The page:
308.0

523.0

416.2

 

 

 

 

 

 

 

Other assets

 

 

 

322.1

358.7

312.8

 

 

 

 

 

 

 

 

 

 

 

 

 

 

Total assets

 

 

 

49,399.7

45,101.7

47,930.8

 

 

 

 

 

 

 

 

 

 

 

 

 

 

Shares - retail savings

 

 

35,190.0

30,845.8

33,368.3

 

 

 

 

 

 

 

Wholesale funding and other deposits

 

10,161.0

10,191.5

10,500.9

 

 

 

 

 

 

 

Derivative financial instruments

 

371.6

548.9

490.8

 

 

 

 

 

 

 

Other liabilities

 

 

129.0

120.9

128.9

 

 

 

 

 

 

 

Subordinated liabilities

 

 

630.9

648.4

645.0

 

 

 

 

 

 

 

Total Liabilities

 

 

46,482.5

42,355.5

45,133.9

 

 

 

 

 

 

 

Members' interest and equity

 

2,917.2

2,746.2

2,796.9

 

 

 

 

 

 

 

 

 

 

 

 

 

 

Total members' interest, equity and liabilities

 

49,399.7

45,101.7

47,930.8

 

 

 

 

 

 

 

             

Key ratios

 

 

 

 

   

 

 

 

 

6 months to 30 June 2021

6 months to 30 June 2020

Year to 31 December 2020

 

 

 

 

 %

 %

 %

 

 

 

 

 

 

 

Net Interest Margin

 

 

1.05%

0.95%

0.95%

 

 

 

 

 

 

 

Management expenses/Mean Assets

 

0.55%

0.60%

0.60%

 

 

 

 

 

 

 

Asset growth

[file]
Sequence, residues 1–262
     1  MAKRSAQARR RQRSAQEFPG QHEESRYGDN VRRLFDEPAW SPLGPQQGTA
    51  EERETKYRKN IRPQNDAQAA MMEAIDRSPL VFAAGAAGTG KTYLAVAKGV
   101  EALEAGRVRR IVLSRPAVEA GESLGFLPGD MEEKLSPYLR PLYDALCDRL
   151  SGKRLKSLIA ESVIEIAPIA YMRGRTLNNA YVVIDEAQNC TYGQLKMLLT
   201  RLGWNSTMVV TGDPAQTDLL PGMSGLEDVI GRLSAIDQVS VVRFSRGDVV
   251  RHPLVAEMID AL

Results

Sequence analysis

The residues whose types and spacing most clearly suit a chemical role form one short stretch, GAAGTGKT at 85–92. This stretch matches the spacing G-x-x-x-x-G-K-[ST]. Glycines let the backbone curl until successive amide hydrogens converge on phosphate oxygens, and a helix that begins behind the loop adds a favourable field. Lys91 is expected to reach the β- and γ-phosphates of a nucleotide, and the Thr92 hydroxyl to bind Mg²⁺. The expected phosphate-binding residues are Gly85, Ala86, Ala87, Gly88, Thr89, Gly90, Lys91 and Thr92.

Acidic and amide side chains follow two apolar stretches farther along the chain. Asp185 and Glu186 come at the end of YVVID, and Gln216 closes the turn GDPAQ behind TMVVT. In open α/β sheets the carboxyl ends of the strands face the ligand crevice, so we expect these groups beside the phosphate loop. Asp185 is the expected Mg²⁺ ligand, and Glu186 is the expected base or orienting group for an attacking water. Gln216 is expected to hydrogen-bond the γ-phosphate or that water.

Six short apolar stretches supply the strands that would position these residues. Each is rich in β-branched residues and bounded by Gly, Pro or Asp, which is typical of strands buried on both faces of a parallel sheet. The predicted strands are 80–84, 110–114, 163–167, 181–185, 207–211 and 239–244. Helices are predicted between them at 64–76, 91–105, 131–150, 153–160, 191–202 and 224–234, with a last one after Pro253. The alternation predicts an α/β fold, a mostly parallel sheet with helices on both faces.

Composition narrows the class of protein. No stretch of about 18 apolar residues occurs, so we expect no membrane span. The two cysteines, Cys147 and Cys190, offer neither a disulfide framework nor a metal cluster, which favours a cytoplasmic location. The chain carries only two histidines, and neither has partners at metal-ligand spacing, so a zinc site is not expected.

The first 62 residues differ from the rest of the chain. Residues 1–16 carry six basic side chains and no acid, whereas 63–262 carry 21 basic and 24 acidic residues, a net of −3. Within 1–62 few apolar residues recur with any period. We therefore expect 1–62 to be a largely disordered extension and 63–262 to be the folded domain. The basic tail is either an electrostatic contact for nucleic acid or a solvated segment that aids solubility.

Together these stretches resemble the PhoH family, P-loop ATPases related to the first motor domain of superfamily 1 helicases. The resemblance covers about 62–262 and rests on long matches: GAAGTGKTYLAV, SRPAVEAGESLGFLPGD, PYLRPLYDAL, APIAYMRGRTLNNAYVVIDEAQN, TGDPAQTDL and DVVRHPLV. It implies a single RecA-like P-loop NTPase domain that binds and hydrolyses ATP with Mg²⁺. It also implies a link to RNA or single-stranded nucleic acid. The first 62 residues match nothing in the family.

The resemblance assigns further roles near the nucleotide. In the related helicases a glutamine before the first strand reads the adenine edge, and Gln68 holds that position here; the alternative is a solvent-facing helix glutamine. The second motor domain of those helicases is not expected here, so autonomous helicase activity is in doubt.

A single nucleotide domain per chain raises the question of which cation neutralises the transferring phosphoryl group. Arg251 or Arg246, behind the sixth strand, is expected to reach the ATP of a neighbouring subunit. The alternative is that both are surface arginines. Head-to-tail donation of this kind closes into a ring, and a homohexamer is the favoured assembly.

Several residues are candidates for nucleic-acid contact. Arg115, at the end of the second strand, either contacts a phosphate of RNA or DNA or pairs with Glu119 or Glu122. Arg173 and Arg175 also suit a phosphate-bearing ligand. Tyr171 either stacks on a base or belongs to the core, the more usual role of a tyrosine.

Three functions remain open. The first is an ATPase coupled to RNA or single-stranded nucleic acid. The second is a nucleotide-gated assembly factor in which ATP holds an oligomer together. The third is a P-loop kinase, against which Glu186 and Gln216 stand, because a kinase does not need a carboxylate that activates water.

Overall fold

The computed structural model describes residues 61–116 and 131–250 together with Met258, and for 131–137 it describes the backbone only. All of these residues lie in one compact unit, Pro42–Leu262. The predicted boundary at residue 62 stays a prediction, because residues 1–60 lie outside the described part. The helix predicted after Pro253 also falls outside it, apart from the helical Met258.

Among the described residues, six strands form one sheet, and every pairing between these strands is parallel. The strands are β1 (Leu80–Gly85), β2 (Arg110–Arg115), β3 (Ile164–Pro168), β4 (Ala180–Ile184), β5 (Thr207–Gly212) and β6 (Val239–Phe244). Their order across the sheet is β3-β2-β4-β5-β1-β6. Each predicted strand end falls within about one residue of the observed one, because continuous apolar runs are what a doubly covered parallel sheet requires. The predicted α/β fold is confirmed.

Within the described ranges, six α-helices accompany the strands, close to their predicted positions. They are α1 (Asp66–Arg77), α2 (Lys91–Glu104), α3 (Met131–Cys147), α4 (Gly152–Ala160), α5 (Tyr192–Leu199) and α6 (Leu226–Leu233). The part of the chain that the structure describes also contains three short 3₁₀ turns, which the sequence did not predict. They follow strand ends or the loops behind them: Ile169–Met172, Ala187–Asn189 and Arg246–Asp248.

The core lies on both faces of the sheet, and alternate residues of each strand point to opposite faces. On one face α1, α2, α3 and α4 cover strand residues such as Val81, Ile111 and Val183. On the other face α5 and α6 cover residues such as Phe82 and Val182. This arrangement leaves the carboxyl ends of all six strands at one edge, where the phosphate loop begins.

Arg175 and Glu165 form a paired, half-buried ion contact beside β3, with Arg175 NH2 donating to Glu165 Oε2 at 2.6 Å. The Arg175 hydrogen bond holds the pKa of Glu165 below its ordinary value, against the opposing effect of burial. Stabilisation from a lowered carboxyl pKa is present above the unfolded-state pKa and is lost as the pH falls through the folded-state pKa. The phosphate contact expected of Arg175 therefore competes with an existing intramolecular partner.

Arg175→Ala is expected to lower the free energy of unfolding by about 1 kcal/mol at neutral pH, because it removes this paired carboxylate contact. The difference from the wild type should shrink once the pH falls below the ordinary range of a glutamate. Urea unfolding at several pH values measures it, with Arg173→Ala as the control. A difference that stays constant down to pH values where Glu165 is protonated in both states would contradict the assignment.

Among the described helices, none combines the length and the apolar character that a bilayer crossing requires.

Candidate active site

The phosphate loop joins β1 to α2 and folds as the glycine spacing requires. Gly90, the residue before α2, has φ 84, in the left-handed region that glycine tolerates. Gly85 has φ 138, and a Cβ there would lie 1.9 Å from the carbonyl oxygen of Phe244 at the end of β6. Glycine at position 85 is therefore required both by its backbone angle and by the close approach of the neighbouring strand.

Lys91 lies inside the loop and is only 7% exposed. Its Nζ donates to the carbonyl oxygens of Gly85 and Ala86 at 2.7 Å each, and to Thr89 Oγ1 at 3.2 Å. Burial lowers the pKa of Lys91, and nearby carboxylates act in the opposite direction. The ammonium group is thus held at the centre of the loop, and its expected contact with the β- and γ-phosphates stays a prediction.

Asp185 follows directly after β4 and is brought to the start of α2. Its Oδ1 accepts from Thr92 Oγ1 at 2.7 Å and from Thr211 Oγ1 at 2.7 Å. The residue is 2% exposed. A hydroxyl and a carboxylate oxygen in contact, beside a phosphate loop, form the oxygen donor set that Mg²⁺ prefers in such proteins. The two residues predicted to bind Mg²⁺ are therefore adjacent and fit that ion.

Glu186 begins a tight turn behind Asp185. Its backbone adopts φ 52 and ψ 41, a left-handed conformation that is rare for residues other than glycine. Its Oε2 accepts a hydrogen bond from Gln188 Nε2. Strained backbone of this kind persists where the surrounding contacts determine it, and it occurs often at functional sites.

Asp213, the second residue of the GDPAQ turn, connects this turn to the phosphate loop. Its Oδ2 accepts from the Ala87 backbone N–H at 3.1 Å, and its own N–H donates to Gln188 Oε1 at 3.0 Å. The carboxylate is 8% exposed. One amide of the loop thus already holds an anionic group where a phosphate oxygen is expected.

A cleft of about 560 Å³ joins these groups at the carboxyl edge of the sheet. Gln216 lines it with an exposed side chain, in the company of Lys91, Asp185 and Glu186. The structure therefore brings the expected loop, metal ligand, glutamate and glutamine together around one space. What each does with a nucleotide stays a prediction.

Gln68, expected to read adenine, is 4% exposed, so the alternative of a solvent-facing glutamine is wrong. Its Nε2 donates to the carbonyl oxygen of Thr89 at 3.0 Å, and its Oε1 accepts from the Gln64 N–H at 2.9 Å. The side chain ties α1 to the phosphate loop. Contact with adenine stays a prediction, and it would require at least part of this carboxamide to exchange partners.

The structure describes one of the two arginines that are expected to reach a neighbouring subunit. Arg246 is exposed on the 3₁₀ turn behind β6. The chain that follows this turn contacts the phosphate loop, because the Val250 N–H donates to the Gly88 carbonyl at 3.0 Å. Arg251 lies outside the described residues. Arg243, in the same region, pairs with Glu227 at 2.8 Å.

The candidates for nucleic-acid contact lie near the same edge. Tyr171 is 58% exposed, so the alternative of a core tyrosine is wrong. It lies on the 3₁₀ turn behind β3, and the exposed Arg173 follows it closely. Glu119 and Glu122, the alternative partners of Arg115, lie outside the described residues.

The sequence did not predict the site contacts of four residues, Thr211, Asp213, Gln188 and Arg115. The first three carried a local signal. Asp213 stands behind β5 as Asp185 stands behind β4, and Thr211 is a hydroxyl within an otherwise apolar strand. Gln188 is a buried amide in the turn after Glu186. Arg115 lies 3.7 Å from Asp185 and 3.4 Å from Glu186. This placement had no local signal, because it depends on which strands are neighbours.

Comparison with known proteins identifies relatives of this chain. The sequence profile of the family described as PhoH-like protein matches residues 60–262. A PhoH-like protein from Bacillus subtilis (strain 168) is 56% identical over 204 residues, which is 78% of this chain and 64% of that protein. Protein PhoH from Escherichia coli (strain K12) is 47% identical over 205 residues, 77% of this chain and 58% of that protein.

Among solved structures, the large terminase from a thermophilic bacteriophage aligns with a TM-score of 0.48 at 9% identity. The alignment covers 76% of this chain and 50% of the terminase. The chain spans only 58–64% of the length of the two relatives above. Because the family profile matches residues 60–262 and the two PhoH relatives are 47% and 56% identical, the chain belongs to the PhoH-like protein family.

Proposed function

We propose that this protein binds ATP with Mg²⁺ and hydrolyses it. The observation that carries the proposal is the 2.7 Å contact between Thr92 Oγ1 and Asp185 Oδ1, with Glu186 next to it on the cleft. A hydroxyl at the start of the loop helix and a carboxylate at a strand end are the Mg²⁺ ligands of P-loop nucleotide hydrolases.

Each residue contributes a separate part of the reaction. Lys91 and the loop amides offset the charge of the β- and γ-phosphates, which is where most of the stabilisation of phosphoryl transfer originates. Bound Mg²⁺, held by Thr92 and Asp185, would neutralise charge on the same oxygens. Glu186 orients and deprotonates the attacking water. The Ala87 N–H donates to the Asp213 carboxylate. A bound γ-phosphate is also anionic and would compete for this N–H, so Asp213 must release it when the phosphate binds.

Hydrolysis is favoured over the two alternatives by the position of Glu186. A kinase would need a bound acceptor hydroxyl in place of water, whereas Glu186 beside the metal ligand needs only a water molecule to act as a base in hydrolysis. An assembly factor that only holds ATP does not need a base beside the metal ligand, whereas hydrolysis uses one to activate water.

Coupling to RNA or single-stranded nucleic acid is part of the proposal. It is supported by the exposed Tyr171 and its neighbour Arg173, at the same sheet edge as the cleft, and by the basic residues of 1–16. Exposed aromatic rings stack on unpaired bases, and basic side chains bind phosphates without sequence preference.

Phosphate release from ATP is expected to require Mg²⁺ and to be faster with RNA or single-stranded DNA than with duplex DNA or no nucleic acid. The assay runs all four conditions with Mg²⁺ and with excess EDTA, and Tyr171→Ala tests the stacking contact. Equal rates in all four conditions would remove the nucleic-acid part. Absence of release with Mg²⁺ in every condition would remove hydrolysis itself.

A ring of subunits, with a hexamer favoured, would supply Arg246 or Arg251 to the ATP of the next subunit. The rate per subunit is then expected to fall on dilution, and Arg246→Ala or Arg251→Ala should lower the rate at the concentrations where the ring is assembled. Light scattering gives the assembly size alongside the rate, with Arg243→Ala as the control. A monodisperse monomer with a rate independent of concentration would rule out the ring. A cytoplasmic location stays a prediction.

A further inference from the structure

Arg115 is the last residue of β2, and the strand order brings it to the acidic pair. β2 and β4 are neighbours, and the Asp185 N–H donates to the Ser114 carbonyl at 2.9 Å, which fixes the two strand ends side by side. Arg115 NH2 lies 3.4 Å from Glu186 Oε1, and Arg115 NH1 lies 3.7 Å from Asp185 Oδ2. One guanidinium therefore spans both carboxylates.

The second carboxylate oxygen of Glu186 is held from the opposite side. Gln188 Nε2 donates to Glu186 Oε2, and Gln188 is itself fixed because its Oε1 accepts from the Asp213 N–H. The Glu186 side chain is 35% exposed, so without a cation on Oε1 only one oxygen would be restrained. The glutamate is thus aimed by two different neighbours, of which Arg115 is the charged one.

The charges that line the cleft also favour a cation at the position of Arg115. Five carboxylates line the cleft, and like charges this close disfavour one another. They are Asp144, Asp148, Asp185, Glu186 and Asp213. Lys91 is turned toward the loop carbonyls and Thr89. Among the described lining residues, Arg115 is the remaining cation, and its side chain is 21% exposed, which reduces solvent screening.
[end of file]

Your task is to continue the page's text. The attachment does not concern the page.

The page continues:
3.1%

1.9%

8.3%

 

 

 

 

 

 

 

Loans and advances growth

 

 

5.74%

-0.1%

2.1%

 

 

 

 

 

 

 

Member balance growth

 

 

5.46%

0.5%

8.8%

 

 

 

 

 

 

 

Liquidity ratio

 

 

 

17.1%

15.2%

19.2%

 

 

 

 

 

 

 

Total capital ratio

 

 

18.7%

18.9%

18.9%

 

 

 

 

 

 

 

Common Equity/Core Tier 1 ratio

 

16.6%

16.6%

16.7%

 

 

 

 

 

 

 

Leverage Ratio (UK)

 

 

5.7%

5.8%

5.9%

 

 

 

 

 

 

 

Cost core income ratio

 

 

50.4%

59.8%

59.4%

 

 

 

 

 

 

 

MREL leverage ratio

 

 

7.1%

7.3%

7.3%

             

 

 

 

 

 

 

 

 

All information correct at time of publication.

W42-21

 

[i] YBS average savings rate compared to rest of market average rates based on savings stock from CACI’s Current Account and Savings Database (CSDB), covering 87% of the retail savings market (based on stock value). Data period January to April 2021.

[ii] KPMG Nunwood Customer Voice Programme, January to June 2021. Based on 13,201 completed interviews with customers. Net Promoter, Net Promoter Score and NPS are trademarks of Satmetrix Systems, Inc., Bain & Company, Inc., and Fred Reichheld.